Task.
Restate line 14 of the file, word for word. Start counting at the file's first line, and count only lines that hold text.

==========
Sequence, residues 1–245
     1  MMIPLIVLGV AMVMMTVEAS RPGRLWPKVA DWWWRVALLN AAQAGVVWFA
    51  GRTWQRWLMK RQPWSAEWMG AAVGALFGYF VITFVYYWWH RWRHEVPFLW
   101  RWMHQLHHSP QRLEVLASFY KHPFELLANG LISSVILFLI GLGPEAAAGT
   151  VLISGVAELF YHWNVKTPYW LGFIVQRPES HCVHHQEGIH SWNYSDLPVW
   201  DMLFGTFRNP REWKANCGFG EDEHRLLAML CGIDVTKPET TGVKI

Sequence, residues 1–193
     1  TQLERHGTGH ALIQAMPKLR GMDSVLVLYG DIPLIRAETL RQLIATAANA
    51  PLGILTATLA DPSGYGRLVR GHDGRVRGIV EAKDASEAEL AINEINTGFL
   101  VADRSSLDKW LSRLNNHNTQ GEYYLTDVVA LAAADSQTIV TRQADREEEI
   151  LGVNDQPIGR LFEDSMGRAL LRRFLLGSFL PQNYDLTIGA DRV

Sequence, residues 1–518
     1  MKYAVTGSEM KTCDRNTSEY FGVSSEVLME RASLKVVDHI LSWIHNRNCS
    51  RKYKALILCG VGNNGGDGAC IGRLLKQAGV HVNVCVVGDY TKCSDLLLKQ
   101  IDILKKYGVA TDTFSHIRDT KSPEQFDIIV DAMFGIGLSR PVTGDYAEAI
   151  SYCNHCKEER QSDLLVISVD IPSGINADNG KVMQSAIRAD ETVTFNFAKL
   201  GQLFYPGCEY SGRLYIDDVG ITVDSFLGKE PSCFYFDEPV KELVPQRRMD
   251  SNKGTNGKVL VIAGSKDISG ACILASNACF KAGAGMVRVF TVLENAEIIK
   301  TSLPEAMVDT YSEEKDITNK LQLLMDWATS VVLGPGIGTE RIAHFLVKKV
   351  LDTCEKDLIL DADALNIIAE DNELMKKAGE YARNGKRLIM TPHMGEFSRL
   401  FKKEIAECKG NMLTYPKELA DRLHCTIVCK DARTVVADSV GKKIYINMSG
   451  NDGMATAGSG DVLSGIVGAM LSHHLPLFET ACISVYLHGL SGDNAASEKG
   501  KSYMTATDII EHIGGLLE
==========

    51  RKYKALILCG VGNNGGDGAC IGRLLKQAGV HVNVCVVGDY TKCSDLLLKQ